Perceptive post by Adam Tinsworth about why newspapers have been so traumatised by the Net.
A discussion yesterday with some of the Cardiff postgraduate journalism students reminded me of one of the elements I think is missing from the paywall discussion: a really deep examination of exactly what people really paid for when they bought a print newspaper or magazine.
The reflexive journalistic answer is “news” as, after all, the clue is in the name “newspaper”. My contention, though, is that we journalists have a bias towards the news element of the publication that our readers do not share. We got into journalism to “do news”. They were buying a mix of news, features, comments, comics and crosswords that added up to a valuable package of information and entertainment in one handy portable product. And the cheaper bits of the paper to produce cross-subsidised the more expensive bits (ie: news). Oh, and the advertising paid for more of it than the cover price did…
So, in essence, we never really charged people for news. It was just part of a wider offer.
Spot on. Print newspapers are value-chains which linked unprofitable products (news) which have (or had) the capacity to attract readers with profitable activities (advertising) which earned revenues that were directly or indirectly proportional to circulation. In the old days, readers had to buy the whole package — they couldn’t have news without the ads, or vice versa.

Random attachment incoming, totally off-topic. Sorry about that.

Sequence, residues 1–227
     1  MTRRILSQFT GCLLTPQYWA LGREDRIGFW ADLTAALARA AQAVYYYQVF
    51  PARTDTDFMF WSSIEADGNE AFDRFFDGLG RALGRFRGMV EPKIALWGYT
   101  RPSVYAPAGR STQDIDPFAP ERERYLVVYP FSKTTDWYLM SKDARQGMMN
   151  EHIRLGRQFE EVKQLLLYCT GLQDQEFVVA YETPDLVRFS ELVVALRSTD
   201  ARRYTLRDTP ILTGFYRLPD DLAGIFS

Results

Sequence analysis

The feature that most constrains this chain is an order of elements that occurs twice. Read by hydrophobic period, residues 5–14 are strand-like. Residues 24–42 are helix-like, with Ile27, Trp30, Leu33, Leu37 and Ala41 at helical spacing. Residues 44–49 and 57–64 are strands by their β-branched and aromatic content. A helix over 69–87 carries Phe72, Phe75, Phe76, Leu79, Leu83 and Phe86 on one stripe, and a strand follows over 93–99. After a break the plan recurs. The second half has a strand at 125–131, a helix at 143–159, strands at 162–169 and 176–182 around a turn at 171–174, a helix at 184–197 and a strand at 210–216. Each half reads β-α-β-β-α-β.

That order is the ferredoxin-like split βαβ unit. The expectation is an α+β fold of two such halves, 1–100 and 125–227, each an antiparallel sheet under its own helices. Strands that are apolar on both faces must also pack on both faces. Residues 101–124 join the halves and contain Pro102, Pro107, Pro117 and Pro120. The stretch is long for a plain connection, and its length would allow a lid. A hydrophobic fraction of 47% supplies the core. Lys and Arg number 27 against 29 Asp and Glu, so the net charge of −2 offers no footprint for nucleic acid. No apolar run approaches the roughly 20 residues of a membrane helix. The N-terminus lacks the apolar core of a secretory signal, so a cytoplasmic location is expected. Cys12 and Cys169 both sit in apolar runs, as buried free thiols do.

But one of the features of the Net is that it dissolves value-chains — it enables profitable cherries to be picked off. Which is exactly what Craigslist did with classified ads, which in any event work better online than in print because they enable people to search for what they want rather than wading through columns of small newsprint.
The Net has had an analogous impact on other industries too. In the 1930s Ronald Coase showed that an important determinant of how companies developed was the transaction cost of doing things that were essential to supporting their core businesses. If the transaction costs were low, then companies outsourced the activity. If they were high, then they took it in house — and grew vertically, as it were.
The arrival of the Net radically altered that calculation. In many cases B2B transactions costs reduced, because they could be conducted online — and in many cases automated by software. As a result, vertical integration no longer looked so smart — and outsourcing became much easier to do. Thus was born what Manuel Castells calls the ‘networked enterprise’. The rest is recent history.